Nuclear Cargo Ship to Be Decommissioned in Scotland
A long-serving nuclear cargo vessel has made its final voyage and will be decommissioned in Scotland.
Earlier this month, Oceanic Pintail set sail from Barrow-in-Furness, in Cumbria, for the final time, and now 98% of the 3,865-tonne vessel will be recycled by Leith firm Dales Marine Services, an EU List approved supplier of vessel decommissioning.
Oceanic Pintail, operated by International Nuclear Services (INS), was launched in 1987 and has served the U.K. nuclear industry for the last 33 years.
Peter Buchan, Operations Director for INS, said, “Oceanic Pintail has served the nuclear industry and the U.K. with distinction. With a fantastic safety record since she first sailed in 1987, Pintail has been involved in some incredibly important projects, including being the first vessel to ship MOX fuel from Europe to Japan in 1999 and the recently completed Dounreay Exotics Consolidation Program.
“It was crucial to us that the winning bidder was able to [decommission the vessel] so in safe and environmentally-friendly way. We set out rigorous standards, which had to be met, including a target that 98% of the vessel being recycled,” Buchan said.
Michael Milne, Dales Marine Managing Director, said: "Dales has been providing decommissioning services for several years and after my trip to see the vessel, I knew that our expertise and decommissioning capabilities were the ideal fit for this work.”
The vessel arrived in Dales Marine’s dry dock facilities earlier this month, after a 1,000-nautical-mile tow, and Dales said it will be commencing with the decommissioning operation in due course.
“I am delighted Pintail will remain in the U.K., as Scottish firm Dales Marine Services was the successful applicant. Everyone who has sailed on Pintail will miss her,” Buchan said.
INS said it commitment to ensuring 98% of Pintail is recycled is part of a major focus for the Nuclear Decommissioning Authority, which this year has set a priority to identify ways to reduce and map the industry’s carbon footprint.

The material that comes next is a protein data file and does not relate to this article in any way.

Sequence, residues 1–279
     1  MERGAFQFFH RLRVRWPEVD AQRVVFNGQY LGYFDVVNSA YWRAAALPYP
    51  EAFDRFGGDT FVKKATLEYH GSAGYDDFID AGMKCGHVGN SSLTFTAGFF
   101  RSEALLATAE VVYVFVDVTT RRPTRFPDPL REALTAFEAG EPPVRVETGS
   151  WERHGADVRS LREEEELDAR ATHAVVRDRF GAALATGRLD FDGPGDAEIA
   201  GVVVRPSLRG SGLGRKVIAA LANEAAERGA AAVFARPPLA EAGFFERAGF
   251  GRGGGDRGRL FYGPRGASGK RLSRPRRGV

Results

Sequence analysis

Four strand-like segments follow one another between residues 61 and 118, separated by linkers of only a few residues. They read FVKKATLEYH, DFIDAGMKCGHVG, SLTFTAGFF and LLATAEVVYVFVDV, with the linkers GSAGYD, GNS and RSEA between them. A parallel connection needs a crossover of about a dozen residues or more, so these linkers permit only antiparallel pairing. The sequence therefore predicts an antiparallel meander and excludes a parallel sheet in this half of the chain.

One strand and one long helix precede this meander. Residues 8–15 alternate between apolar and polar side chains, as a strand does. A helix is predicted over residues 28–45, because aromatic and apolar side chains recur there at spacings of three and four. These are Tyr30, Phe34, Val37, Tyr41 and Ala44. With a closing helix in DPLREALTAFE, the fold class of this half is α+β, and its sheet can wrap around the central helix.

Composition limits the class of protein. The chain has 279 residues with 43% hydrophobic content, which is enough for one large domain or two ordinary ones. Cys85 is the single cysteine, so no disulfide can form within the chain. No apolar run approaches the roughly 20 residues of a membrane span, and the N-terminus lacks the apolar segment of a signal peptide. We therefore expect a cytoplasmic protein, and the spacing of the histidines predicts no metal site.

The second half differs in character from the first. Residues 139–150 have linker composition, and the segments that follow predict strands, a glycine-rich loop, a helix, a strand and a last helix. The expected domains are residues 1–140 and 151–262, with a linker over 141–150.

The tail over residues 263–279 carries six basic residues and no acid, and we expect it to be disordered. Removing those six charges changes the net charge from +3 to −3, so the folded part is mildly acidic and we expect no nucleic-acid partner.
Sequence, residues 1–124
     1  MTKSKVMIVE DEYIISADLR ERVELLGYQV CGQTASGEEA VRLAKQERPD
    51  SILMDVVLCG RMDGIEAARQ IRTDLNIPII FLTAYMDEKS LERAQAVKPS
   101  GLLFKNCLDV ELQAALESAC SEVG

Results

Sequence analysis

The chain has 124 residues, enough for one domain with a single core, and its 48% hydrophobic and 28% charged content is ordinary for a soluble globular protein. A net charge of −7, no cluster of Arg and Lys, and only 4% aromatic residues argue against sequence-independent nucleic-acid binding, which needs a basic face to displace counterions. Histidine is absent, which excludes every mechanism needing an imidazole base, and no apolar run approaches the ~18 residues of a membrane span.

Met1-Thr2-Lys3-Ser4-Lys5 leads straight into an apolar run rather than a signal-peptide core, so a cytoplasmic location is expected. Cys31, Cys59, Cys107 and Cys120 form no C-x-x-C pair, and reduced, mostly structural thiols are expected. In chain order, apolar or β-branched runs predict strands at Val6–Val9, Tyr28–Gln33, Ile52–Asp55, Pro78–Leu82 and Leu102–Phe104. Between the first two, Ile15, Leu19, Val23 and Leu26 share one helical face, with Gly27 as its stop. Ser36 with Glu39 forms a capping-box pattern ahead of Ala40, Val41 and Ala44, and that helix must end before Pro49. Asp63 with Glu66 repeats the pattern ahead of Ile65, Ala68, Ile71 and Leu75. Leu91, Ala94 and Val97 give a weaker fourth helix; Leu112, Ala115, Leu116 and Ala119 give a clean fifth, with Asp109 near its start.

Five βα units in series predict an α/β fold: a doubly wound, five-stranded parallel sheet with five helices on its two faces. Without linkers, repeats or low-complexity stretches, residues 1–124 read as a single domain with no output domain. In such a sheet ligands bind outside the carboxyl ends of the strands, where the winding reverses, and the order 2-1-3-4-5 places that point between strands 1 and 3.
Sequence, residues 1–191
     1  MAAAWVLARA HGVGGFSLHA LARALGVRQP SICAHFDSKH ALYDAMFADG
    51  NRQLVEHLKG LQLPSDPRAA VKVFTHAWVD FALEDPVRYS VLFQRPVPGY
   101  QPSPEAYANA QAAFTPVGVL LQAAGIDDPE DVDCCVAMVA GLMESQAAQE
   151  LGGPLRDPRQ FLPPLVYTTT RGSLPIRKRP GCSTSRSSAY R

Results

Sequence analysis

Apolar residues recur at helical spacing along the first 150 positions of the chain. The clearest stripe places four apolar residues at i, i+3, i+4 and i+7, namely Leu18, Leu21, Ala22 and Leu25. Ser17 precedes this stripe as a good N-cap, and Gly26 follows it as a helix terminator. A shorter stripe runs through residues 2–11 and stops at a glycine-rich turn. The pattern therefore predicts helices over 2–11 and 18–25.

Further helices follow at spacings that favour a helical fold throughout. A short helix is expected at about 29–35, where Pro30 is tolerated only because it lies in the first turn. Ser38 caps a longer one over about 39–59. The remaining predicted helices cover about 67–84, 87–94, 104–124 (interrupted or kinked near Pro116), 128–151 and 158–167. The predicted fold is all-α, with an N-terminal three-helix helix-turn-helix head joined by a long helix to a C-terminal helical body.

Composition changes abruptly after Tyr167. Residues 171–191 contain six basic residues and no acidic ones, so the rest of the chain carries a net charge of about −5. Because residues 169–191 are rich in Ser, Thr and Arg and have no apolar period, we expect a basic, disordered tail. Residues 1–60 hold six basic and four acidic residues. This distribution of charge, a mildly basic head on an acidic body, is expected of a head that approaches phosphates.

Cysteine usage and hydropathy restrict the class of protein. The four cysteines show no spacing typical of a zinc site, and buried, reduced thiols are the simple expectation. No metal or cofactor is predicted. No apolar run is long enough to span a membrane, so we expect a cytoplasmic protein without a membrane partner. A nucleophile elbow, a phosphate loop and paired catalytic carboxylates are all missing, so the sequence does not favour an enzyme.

David Peattie, Chief Executive of the NDA and Chairman of PNTL, who has sailed on Pintail during one of its nuclear transfers, said, “Oceanic Pintail has given the nuclear industry many years of great service and with an unwavering safety record throughout. Seeking to recycle 98% of this vessel will see her playing an important part in our commitment to reducing our carbon footprint and is a fitting final mission.”
Pintail has been a fixture in the waters off Barrow-in-Furness since arriving in the U.K. from Japan in 1987. It has been the flagship vessel in U.K.’s nuclear fleet and offered customers across the world a bespoke solution to their specialist transport challenges. With a track record of safely carrying MOX and high-level radioactive waste, Pintail was available for the most complex of nuclear transport projects.
PNTL Captain Aidan Howlett was on board the PNTL vessel Pacific Grebe as it passed Pintail being towed to Leith. It was a poignant moment for him having been 3rd Officer on board the vessel during its maiden voyage in 1987, and Master on its final cargo voyage to Nordenham, Germany, in September 2019.
“All crew mustered on deck to witness Pintail passing by, and we sounded our whistle to recognize the distinguished service the vessel has given to PNTL and the UK over the last 33 years,” Howlett said said.
Pintail is an INF3-class vessel – the highest level of the International Maritime Organization’s (IMO) code which regulates shipments by sea of packaged irradiated nuclear fuel, plutonium and high-level radioactive wastes.
INS still runs PNTL’s fleet of specialist nuclear vessels – Pacifics Grebe, Egret and Heron – with shipments now back under way for the first time since the World Health Organization (WHO )declared the COVID-19 outbreak a pandemic earlier this year.